Fresh US sanctions against Russia drag the ruble down to a six week low against the US dollar, but Morgan Stanley says the current pace of the selloff won't be sustained. Higher oil prices should benefit the ruble; Russia is a huge oil exporter, and lofty oil prices will lead to more money being converted into rubles to buy Russian oil. Russia's central bank also may step in to stabilize the ruble and cap its weakness. Morgan Stanley warns about potential spillover effects in the Polish zloty and Hungarian forint, which are down today against both the euro and dollar. USD/RUB at 34.93, up 1%.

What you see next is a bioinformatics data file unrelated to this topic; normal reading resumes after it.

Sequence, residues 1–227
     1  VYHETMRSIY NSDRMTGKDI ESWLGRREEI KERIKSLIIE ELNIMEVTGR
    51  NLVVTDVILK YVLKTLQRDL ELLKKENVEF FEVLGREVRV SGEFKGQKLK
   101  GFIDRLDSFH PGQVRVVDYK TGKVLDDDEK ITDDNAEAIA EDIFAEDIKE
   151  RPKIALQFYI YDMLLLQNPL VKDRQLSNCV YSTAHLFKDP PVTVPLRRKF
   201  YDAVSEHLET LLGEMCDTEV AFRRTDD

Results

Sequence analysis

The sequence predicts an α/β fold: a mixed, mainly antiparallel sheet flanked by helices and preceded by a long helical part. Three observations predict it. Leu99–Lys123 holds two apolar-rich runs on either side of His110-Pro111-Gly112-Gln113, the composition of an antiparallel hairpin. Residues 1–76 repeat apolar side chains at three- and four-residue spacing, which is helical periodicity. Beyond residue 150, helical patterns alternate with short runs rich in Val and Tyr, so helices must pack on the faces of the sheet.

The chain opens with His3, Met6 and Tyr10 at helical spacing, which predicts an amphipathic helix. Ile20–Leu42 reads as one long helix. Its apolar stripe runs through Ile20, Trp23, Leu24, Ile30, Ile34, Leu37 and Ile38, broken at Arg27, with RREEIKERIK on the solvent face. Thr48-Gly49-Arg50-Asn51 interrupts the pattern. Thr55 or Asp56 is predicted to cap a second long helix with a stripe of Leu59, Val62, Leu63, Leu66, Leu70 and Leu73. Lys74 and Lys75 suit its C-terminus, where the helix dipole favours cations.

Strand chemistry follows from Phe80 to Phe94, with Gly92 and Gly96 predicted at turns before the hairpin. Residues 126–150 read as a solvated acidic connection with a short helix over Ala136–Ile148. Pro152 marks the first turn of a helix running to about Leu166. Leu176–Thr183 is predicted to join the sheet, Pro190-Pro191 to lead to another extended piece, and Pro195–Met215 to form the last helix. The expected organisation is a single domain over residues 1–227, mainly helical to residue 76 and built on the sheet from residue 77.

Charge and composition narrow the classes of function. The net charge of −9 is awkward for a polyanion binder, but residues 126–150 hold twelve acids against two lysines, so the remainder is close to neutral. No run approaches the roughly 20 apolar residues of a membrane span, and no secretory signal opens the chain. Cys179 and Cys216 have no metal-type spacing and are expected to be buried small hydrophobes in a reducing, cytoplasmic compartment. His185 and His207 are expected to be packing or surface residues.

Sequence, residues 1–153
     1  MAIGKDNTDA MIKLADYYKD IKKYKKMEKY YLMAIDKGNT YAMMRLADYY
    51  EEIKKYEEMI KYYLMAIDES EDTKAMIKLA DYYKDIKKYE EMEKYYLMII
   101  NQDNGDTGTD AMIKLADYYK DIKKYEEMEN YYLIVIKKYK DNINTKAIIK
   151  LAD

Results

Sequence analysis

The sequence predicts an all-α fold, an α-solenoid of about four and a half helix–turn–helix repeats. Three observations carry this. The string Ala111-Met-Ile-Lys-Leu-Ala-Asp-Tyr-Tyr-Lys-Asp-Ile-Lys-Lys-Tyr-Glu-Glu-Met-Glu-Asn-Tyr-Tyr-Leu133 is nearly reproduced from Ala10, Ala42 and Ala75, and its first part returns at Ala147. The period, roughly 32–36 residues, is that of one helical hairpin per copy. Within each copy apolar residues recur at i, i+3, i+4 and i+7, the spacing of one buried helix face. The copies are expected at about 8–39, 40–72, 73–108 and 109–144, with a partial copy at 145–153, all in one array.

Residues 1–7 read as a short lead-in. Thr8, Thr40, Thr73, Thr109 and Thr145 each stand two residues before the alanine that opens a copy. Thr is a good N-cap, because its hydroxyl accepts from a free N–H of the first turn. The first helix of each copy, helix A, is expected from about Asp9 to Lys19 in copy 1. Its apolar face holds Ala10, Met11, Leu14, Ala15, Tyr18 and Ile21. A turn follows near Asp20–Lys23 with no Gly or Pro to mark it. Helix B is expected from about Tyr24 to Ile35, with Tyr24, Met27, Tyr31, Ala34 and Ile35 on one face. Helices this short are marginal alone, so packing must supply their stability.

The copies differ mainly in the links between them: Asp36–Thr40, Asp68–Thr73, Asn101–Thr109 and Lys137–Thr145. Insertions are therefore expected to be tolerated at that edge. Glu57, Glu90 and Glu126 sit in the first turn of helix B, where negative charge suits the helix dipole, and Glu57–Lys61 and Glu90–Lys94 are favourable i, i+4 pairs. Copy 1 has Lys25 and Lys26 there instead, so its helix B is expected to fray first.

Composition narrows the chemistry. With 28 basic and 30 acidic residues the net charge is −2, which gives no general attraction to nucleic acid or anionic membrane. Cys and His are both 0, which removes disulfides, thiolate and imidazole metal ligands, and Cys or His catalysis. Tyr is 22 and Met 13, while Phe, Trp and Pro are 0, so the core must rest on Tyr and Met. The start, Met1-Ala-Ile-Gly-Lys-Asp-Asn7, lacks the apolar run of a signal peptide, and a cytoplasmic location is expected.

The U.S. government because of what it views as Russia’s interference in Ukraine, imposed its most wide-ranging sanctions yet, on key players in the country’s economy, including Gazprombank and Rosneft Oil Co, and other major banks and energy and defense companies.
Putin said he needed to see the details of the sanctions to understand their full scope. But he added that he was sure the sanctions would damage the national interests of the United States in the long run.